Lewisohn is a truly extraordinary author. He does not whitewash anything; he is objective in his portrayal of historical accounts. He does not pretend that the Beatles or anybody else in their circle is anything other that what they are. He takes readers on a Magical Mystery Tour from the Beatles' births in wartime Liverpool to their later meeting and forming a band. The earliest incarnation of the group was known as the Quarrymen after Quarrybank High School where John and Paul were students. Readers are invited to the July 1957 church fete in Woolton where John and his then band gave a public performance. Paul McCartney, then 15 was one of the people in the crowd. Paul knew John was a musician who was going places and he wanted to join him.

The band went through several more incarnations with different members in their line up. Long story short, Ringo joined the group in 1962 after turning down another offer as the pay wasn't as good as what the Beatles were offering. The other Beatles felt that their original drummer Pete Best was not a good fit or match for them personality wise and professionally. It was reported that Pete was chosen because the band was under contract to hire a drummer and he was the only game in town. However, once the band was more or less in place, other drummers such as Johnny Hutch filled in as Pete was not always available. Pete was known for not conforming to the group's universal Beatle mop coiffure; he was consistently late and sometimes absent for rehearsals and shows and it was said that he and Paul were not friendly toward one another.

Readers also get a Ticket to Ride with Ringo during his early band years with the Hurricanes and subsequent trips to Butlin's Holiday Camp and Hamburg, the city where the early pre-Beatles cut their musical teeth. In 1960 the pre-Beatles, led by their intrepid leader John, then 20 made their first trip to Hamburg. The senior Harrisons, after much deliberation agreed to let their minor son George, then 17 join them. In today's world one might wonder about letting these young men travel to Hamburg "In Spite of All the Danger" and no doubt George was delighted that he got to travel out of the country with a group of guys, the oldest of whom was John. Sadly, George was deported as he was underage. Despite that set back, George grew up a lot in Hamburg. He also reconnected with his bandmates when they returned to England later that year and for their 1961 trip to Hamburg.

By 1962 the Beatles had arrived! Freshly coiffed with their iconic Beatle mops that so many, myself included love and dressed like gentlemen in suits and ties per their manager's directive, the boys were ready to conquer the world! Brian Epstein's astute business acumen and professional handling helped the boys prepare for the roles of their lifetimes - selling their talent and image to the world! The Beatles were the best known, best loved band in Liverpool and were regular fixtures at the famous Cavern Club. There is the trajectory or "Long & Winding Road" to recording deals and contracts and world tours.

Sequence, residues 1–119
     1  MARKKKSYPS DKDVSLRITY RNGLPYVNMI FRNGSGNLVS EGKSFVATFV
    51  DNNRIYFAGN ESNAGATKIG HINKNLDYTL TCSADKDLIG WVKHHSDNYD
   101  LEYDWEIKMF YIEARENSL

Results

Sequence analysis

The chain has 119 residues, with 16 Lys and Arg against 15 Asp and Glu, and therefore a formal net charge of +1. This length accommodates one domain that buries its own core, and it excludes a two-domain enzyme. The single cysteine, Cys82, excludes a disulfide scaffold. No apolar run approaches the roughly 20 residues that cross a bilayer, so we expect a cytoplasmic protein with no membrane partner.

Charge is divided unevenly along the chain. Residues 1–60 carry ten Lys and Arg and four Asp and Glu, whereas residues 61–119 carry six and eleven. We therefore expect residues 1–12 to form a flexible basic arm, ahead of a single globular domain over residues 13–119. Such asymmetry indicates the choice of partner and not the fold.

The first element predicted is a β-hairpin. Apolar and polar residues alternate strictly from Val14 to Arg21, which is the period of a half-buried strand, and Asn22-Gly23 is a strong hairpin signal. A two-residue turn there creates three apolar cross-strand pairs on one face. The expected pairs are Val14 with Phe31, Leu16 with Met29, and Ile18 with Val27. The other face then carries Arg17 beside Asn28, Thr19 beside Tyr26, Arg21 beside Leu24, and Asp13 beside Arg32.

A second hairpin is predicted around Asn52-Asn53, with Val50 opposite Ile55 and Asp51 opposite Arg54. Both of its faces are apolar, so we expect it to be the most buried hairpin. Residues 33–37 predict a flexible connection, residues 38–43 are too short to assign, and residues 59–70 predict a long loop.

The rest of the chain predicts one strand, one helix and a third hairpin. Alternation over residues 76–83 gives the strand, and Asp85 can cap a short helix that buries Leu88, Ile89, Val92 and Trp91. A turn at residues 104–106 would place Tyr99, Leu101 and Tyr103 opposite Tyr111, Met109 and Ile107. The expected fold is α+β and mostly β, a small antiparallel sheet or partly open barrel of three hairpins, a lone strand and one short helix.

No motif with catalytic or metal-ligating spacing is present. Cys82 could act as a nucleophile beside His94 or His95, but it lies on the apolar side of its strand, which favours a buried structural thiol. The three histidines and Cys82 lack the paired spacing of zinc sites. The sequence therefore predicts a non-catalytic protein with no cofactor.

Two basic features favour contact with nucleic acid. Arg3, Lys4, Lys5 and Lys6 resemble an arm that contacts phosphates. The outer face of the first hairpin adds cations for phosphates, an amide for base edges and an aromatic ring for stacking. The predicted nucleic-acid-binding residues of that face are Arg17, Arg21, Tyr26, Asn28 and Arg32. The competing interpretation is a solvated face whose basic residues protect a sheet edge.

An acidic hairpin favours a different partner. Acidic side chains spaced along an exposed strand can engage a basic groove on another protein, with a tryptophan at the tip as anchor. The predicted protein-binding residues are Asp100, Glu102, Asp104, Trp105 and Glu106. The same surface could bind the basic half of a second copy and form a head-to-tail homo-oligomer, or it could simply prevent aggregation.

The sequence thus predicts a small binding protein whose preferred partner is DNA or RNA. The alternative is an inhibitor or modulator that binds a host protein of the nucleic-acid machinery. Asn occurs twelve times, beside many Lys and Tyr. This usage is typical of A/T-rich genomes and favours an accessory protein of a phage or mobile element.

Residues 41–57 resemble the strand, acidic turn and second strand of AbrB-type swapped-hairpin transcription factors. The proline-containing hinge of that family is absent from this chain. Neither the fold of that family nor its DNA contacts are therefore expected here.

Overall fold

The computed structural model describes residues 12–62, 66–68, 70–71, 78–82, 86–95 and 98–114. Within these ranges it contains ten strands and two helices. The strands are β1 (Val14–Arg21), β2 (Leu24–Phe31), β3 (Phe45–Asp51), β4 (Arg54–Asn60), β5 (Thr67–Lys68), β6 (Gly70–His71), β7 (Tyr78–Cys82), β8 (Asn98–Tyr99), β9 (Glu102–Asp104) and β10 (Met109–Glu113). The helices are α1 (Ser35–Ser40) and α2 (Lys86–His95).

Fans were also a constant fixture. Each Beatle's boyhood home was considered a Mecca of Music for fans to congregate and hopefully meet a Beatle. Louise Harrison actually wrote fans back, staying up late into the night to finish correspondence with help from Harold. It was not uncommon for her to invite a fan in for tea and light refreshments while chatting each other up about George. Louise always talked about George's three older siblings and even lent her voice to one of his fan club newsletters. This is chronicled in Do You Want to Know a Secret?: The Story of the Official George Harrison Fan Club.

This book ends in 1962 when the Beatles' "Love Me Do" was recorded and hit the Top Twenty. This was less than a year before George Harrison made his first trip abroad to visit his sister Louise who was then living in Benton Illinois. Louise shopped the Beatles' records around and to her credit got area radio stations to play Beatle songs. By 1962-63, music in America still had the last vestiges of the 1950s style. The Beatles brought in a fresh new look, sound and style. They were and are here to stay and they have raised the musical bar.

England has long been known for class distinctions. Voice and whether one lives in the North or South of England has long been a social class distinction. Liverpool, a northern seaport town was not held in high regard by "Southerners." (A reference to "Southerners" is made in the Beatles' 1964 movie, "A Hard Day's Night.") The Beatles changed all that. Music and art is for everybody and not just one demographic. The Beatles made no such distinctions and even as late as 1964 refused to play the Gator Bowl in Florida when they found out that minorities were being denied entry. They refused to perform before a segregated audience. The Beatles helped dismantle some of the bigotry and class dividing lines. They also sparked a world-wide interest in things English and became in effect World Ambassadors. The four young men that the world at large loved invited people from all over the world; from all different backgrounds and all different walks of life to "Come Together."

I am looking forward to the next installments of the trilogy that Lewisohn is scheduled to write. Knowing what I know of Lewisohn's writing and extraordinary flair for detail, I expect his subsequent books to be every bit as excellent and exceptional and outstanding as this one.